My maternal grandmother was born in Switzerland. She had a baby boy before she was married. Leaving her baby with her parents, she came to America to start a new life. She soon married my grandfather, who also had immigrated from Switzerland. (I often wonder if they knew one another before they came to America. I'll never know, they have been gone for many years.)
They soon had a baby boy of their own. My grandparents then sent back to Switzerland and had my grandmother's first son sent over to live with them in America. My grandparents had seven more children, among them my mother.
It was not until many years later that they discovered their eldest brother was really a half-brother. My grandfather’s brother, who still lived in Switzerland, died and left a small inheritance to be divided among his brother's children-except for the eldest son. So the story became known.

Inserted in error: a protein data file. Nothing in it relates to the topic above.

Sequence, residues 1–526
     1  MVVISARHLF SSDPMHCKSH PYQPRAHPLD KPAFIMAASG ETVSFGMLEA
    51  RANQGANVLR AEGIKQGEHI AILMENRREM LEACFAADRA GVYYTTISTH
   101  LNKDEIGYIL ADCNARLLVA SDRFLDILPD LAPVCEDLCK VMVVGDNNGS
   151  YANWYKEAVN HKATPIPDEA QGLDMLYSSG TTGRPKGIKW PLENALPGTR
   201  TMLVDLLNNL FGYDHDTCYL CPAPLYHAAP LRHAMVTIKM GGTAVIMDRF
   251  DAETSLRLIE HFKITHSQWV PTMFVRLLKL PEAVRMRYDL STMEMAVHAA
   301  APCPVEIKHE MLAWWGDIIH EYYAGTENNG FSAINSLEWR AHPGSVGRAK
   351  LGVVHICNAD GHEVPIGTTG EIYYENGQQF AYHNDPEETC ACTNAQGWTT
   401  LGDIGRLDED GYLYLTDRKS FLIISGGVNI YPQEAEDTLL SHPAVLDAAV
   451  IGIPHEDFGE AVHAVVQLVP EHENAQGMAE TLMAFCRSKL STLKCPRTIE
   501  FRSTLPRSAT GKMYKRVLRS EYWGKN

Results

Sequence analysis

My paternal great-grandfather came to America from Germany along with a good friend. Later this friend's fiancée came over too. Great-Grandfather's friend had been killed in an accident, so he married his friend's fiancée. They had several children together. Several years ago my sister and I visited their graves in Arcadia, Iowa. If only they could have told us their story!
Back in 1955 a call went out from the editors of the then Capper’s Weekly asking for readers to send in articles on true pioneers. Hundreds of letters came pouring in from early settlers and their children, many now in their 80s and 90s, and from grandchildren of settlers, all with tales to tell. So many articles were received that a decision was made to create a book, and in 1956, the first My Folks title – My Folks Came in a Covered Wagon – hit the shelves. Nine other books have since been published in the My Folks series, all filled to the brim with true tales from Capper’s readers, and we are proud to make those stories available to our growing online community.